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ACCC Raises Alarm in Response to Qantas Acquisition of Alliance Aviation

ACCC Raises Alarm in Response to Qantas Acquisition of Alliance Aviation

Qantas' 20% stake in Alliance Airlines has been met with concern by the Australian Competition and Consumer Commission (ACCC). Read about it here.

2nd August 2019

Australian airline Qantas has a prominent share of the Australian aviation market, however their latest corporate acquisition may not be quite up to standard. The ACCC has today raised concerns that this acquisition will substantially lessen competition in the Australian airline industry. The ACCC has released a statement of issues, calling for interested stakeholders to share their views on the acquisition.

A narrowing industry

Airline mergers are not uncommon. On the contrary, acquisitions of smaller airlines by larger ones is very frequent. A well known international example is the merger of Air France and KLM Royal Dutch Airlines, which merged in 2004. Closer to home, Jetstar Airways is a subsidiary of Qantas. Qantas, as Australia’s largest airline has a large footprint in the aviation landscape, and appear set on further expanding this. This is symptomatic of a larger trend in the industry, which has seen a wave of mergers in recent times. Whilst airlines have said that this is necessary for their survival, consumers are concerned this will impact on competitive pricing and their rights overall.

Qantas makes a move on Alliance

In February 2019, Qantas purchased an almost 20% stake in Alliance. Qantas also voiced plans to increase that stake to the extent that they would be the majority shareholder in Alliance. Alliance airlines, albeit smaller than Qantas, also competes with Qantas on some regional routes. Yet despite the two airlines competing in this area, this wasn’t cleared with the ACCC. Further, section 88 of the Competition and Consumer Act 2010 (Cth) states that mergers between competing corporations can occur where the ACCC gives authorisation.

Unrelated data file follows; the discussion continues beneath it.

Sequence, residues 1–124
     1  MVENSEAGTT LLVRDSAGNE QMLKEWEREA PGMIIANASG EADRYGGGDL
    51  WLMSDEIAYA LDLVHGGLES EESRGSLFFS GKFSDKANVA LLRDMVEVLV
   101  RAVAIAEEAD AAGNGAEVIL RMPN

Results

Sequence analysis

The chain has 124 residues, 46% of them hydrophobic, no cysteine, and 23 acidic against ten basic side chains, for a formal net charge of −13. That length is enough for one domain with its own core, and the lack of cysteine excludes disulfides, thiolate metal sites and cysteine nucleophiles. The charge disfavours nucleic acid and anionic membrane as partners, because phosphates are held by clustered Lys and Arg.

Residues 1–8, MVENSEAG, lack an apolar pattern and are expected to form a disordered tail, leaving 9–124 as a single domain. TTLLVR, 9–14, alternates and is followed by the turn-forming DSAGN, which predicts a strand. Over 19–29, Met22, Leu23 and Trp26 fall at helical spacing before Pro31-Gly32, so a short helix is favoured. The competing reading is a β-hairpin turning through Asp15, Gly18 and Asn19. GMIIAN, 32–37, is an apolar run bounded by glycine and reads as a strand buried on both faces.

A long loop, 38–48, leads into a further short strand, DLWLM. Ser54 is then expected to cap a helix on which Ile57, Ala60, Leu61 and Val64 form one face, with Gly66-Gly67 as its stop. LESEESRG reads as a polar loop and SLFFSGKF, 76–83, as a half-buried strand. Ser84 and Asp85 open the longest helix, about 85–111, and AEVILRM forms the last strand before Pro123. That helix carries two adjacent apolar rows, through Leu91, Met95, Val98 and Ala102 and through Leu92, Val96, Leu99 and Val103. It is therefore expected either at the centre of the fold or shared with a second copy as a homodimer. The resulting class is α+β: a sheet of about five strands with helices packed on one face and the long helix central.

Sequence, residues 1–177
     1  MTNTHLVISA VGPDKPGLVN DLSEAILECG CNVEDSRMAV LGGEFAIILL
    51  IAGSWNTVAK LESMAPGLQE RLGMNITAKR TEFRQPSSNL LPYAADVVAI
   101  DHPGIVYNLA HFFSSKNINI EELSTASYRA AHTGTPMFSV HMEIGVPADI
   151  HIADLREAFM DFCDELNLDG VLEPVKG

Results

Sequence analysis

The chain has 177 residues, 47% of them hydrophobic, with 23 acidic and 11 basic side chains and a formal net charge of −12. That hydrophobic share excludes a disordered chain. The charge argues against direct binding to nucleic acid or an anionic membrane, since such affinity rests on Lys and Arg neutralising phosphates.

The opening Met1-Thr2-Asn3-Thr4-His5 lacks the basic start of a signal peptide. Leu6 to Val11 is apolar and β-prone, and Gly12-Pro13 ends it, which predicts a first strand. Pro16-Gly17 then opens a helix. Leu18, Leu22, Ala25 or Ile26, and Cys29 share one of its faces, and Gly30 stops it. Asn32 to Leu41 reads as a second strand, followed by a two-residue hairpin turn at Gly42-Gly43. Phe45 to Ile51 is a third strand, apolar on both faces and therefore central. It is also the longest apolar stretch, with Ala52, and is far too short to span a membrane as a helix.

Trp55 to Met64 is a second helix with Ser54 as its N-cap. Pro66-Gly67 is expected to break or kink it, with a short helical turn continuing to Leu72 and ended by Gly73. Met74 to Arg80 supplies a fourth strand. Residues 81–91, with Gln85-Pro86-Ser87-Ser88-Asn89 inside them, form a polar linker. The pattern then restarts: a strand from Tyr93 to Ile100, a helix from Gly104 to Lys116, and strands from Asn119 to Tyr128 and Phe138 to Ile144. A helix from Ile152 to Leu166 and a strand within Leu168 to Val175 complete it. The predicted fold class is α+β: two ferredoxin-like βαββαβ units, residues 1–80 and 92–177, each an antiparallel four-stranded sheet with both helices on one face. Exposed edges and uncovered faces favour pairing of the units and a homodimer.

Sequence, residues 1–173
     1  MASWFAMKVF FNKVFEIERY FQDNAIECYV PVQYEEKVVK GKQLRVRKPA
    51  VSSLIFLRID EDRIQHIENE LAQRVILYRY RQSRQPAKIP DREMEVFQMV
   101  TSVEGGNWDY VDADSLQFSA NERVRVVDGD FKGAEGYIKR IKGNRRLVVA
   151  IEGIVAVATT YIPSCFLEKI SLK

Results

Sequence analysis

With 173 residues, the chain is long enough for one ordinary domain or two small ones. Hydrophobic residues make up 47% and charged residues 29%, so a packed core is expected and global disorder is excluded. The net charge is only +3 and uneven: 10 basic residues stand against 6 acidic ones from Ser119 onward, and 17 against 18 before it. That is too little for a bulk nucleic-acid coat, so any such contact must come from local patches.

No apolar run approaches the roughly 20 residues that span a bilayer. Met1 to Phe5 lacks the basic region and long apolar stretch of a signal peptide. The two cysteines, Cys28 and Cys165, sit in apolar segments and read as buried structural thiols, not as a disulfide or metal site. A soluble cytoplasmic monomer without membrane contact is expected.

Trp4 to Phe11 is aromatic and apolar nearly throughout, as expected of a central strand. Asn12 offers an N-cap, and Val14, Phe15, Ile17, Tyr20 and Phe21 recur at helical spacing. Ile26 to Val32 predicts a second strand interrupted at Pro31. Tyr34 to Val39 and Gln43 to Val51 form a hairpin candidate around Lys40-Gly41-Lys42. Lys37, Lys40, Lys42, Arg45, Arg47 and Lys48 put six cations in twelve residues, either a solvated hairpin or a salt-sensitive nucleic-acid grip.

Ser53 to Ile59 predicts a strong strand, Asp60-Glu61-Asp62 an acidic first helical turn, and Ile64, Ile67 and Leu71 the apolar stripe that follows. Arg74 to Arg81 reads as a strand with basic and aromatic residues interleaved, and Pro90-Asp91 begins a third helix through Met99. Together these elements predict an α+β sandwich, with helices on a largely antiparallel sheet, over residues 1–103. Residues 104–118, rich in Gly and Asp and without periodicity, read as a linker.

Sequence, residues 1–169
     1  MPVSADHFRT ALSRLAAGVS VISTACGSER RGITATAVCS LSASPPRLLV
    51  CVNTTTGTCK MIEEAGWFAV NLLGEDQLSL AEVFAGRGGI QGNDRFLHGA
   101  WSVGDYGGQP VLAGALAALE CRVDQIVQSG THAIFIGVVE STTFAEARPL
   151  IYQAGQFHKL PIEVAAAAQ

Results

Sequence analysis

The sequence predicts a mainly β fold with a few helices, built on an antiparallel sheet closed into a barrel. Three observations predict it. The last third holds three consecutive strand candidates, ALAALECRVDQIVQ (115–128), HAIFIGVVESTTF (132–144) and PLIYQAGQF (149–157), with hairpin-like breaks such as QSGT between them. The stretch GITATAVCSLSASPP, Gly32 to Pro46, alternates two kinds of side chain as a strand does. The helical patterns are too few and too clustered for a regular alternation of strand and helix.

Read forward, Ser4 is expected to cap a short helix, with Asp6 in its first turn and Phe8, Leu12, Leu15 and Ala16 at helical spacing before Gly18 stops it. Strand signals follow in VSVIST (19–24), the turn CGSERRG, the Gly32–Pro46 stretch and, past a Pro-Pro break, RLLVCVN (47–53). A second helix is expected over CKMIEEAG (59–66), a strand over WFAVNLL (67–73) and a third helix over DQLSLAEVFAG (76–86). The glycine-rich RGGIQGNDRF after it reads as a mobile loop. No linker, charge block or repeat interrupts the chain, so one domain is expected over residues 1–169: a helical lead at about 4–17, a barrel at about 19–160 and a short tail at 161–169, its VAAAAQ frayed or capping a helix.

Legal issues

Mergers between companies which compete with each other are generally prohibited in Australia. Section 50 of the Competition and Consumer Act 2010 (Cth) prohibits corporations from acquiring a company if it would “substantially lessen competition.” This rule is applicable to all industries, including media, banking and transport. Last year, the ACCC announced that it would not oppose a merger between media companies Channel 9 and Fairfax. Although this merger effectively combined Australia’s largest print media company with one of Australia largest television networks, the ACCC did not prohibit the merger. This was because print and television media are separate enough that Fairfax and Channel 9’s merger would not substantially lessen competitive in the media industry.

Final thoughts

The case of Qantas is different. Although Alliance operates out of Brisbane, Queensland and flies to regional airports, Qantas also operates flights on the same path. If Qantas acquires Alliance, then there will be no price comparison for these routes – and no competition.

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Author
Jackie Olling

Jackie is the Content Manager at Lawpath and manages the content team. She has a Law/Arts (Politics) degree from Macquarie University and is an admitted solicitor in the Supreme Court of NSW. She's interested in how technology can help shape the future legal landscape.